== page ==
The New Race to the Top: Learnings from the Leaders Summit on Climate

With questions over the impact of COVID-19 on the COP26 climate summit in November, the importance of the Biden Administration’s 2021 Leaders Summit on Climate in entrenching global commitments to tackling the climate emergency this year cannot be overstated.

Carbon emissions are expected to rise sharply in 2021 as countries seek to stimulate their economies following the devastation of the pandemic.

Yet even with fiscal pressures, geopolitical tensions and more, we may have seen an unprecedented “race to the top” on emissions targets, with leaders moving as a united force to tackle the climate emergency.

America is “back” – but will it last? 

UK Prime Minister Boris Johnson set a high bar just ahead of the summit, with the former climate sceptic committing the UK to a new, more ambitious target to reduce its emissions by 78% of 1990 levels by 2035.

Not to be outdone, President Biden went one step further, setting a “game-changing” emissions cut for the United States of 50-52% of 2005 levels by 2030. It underscored the re-emergence of the United States’ much-needed leadership on “the existential crisis of our time”.

However, the resurgent United States still must address its domestic political battles, a legacy of four years of backwards movement by President Trump.

While the White House insists its approach will create new jobs and economic opportunity, Republicans are already claiming that it will harm employment and growth at exactly the wrong time.

The fault line could prove problematic for Democrats’ control over Congress and vital federal climate funding, and will force businesses to pick a side, shaped by both the rising public pressure on climate and the financial realities of supporting existing high-polluting industries.

Green diplomacy lifts standards – and potentially boosts multilateralism 

Johnson and Biden’s new targets set the tone for other leaders to follow.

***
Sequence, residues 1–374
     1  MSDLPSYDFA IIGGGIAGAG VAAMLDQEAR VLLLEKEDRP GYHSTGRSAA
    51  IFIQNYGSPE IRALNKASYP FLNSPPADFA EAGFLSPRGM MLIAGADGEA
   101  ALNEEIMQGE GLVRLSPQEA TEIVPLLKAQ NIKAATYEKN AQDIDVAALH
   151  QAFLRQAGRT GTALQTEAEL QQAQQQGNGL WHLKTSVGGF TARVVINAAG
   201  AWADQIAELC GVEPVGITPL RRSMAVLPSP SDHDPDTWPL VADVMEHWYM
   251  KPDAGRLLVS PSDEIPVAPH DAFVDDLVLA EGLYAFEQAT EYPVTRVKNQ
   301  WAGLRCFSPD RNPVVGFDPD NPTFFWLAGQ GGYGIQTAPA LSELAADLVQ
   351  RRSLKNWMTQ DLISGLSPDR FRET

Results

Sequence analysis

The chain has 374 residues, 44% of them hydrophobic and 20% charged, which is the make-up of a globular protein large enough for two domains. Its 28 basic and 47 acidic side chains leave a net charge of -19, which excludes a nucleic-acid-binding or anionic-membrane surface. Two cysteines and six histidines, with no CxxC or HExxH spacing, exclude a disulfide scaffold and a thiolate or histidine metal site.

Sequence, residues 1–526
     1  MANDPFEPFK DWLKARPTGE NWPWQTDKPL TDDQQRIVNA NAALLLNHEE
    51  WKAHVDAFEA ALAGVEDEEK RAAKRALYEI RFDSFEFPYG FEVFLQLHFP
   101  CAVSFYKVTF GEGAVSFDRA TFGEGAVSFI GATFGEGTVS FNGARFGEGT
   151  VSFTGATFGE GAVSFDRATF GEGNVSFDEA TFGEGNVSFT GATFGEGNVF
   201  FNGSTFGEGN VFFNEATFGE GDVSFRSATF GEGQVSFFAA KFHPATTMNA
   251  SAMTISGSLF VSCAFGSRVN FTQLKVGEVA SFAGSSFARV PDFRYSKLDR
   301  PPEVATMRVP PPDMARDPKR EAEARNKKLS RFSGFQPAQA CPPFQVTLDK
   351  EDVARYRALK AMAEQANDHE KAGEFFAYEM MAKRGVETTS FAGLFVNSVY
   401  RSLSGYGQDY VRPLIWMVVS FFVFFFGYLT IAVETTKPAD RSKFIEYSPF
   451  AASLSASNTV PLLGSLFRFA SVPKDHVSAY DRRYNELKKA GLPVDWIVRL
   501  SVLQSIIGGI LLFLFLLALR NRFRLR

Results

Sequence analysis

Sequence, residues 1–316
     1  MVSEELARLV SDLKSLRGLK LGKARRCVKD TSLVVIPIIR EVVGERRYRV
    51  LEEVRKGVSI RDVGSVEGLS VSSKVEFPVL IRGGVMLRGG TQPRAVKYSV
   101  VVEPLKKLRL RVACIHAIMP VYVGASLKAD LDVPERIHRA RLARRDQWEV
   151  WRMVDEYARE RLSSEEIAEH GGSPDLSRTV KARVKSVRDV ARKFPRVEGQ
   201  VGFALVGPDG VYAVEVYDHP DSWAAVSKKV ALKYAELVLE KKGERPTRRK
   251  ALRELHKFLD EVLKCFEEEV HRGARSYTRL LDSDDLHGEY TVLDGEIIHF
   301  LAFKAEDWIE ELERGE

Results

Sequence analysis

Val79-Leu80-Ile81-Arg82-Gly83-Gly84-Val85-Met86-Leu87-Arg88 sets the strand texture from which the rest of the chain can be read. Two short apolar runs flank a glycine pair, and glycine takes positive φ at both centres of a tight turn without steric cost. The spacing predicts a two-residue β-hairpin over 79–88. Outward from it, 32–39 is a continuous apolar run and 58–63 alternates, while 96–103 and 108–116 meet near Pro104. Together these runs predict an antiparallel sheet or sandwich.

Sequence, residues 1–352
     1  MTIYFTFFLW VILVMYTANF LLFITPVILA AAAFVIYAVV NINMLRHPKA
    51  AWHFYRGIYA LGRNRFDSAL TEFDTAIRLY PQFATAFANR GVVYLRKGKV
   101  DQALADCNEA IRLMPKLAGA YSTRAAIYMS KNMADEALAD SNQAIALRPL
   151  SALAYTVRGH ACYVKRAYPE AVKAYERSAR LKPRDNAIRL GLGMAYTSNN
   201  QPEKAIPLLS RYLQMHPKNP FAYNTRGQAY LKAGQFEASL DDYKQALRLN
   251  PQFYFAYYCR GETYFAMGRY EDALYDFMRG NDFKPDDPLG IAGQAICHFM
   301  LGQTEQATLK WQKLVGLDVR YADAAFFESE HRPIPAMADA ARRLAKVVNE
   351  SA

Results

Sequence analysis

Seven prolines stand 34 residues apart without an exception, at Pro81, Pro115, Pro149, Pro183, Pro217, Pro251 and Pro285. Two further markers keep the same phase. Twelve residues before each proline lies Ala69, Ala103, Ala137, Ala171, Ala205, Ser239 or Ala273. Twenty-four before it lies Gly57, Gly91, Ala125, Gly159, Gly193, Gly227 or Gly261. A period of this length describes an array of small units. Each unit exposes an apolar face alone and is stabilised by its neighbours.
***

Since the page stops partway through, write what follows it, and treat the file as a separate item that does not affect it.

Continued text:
Japan, the world’s third-largest economy, doubled its 2030 target to 46% compared with 2013, and Canada set a target of up to 45% reductions from 2005 levels, highlighting how a new “green diplomacy” is yielding strong results.

That will continue – as more countries recognise that significant action on climate earns a seat at other tables, including on economic, development and humanitarian topics.

Simultaneously, the global multilateral system may regain its footing on climate after being battered and bruised by populist movements, Brexit, and the Trump presidency.

The Leaders Summit showed the potential for countries to both move more quickly in the same direction and coordinate more closely.

But we’re not there yet. There was significant disappointment that India and Russia failed to follow their peers’ lead.

And while President Xi affirmed the importance of urgency and collaboration, China did not announce a more aggressive target in place of its 2060 net-zero commitment.

Climate strategies require closer coordination – and more private sector involvement 

Despite the forward direction of travel, the process to measure and reach these significant new targets remains disjointed.

The United States is focused on technology and innovation as the primary way to have an impact, while Europe continues to prioritise carbon pricing schemes that will make pollution expensive.

It raises the question of whether the EU can achieve the economic benefits of addressing climate change – and whether the United States’ approach will have enough impact.

How Washington, London, Brussels and others and others align their green investments in lower and middle-income countries is equally critical.

Climate change cannot be solved without huge progress on climate finance in developing countries, particularly in sub-Saharan Africa and South and Southeast Asia.

An obvious start would be the coordinated end to fossil fuel subsidies, a move that could potentially claw back north of $30 billion for the U.S. Government by 2030.

The private sector can play a stronger role as well, adapting its investment priorities and rolling out new technologies, particularly in electricity generation. The rewards could be significant as their products are adopted at scale, if they take the leap now.

What next: Business leadership ahead of COP26 

Governments increasingly recognise that simply setting ambitious targets has limitations.

They need business to help achieve them. On the back of the Leaders Summit, the world’s multinational companies have an opportunity to step up by committing to strong net-zero targets.

Momentum is critical and companies that maintain it will benefit by being part of the positive attention in this year of climate action.

In practical terms, that means now is the time to engage – not six months from now at COP26.

Businesses thinking about their climate plans need to put communications activity at the heart of them.

Educating and engaging with stakeholders and the public over the next half-year ahead of COP26 will help companies earn their seat at the table in November and give them a platform that carries on afterwards.

Want to know more? Get in touch with FleishmanHillard’s COP26 Unit – cop26unit@fleishman.com.

Michael Hartt, Partner and Head of International Affairs, and Luke Downham, Policy Lead, COP26 Unit

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